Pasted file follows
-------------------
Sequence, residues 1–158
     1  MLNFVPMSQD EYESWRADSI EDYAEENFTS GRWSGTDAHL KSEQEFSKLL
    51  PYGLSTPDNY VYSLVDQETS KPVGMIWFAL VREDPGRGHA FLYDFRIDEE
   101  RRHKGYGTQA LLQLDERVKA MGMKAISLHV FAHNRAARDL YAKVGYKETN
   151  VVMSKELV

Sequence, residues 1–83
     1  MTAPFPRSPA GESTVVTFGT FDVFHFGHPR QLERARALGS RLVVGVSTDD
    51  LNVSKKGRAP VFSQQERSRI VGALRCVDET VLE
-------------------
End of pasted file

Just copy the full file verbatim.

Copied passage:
Sequence, residues 1–158
     1  MLNFVPMSQD EYESWRADSI EDYAEENFTS GRWSGTDAHL KSEQEFSKLL
    51  PYGLSTPDNY VYSLVDQETS KPVGMIWFAL VREDPGRGHA FLYDFRIDEE
   101  RRHKGYGTQA LLQLDERVKA MGMKAISLHV FAHNRAARDL YAKVGYKETN
   151  VVMSKELV

Sequence, residues 1–83
     1  MTAPFPRSPA GESTVVTFGT FDVFHFGHPR QLERARALGS RLVVGVSTDD
    51  LNVSKKGRAP VFSQQERSRI VGALRCVDET VLE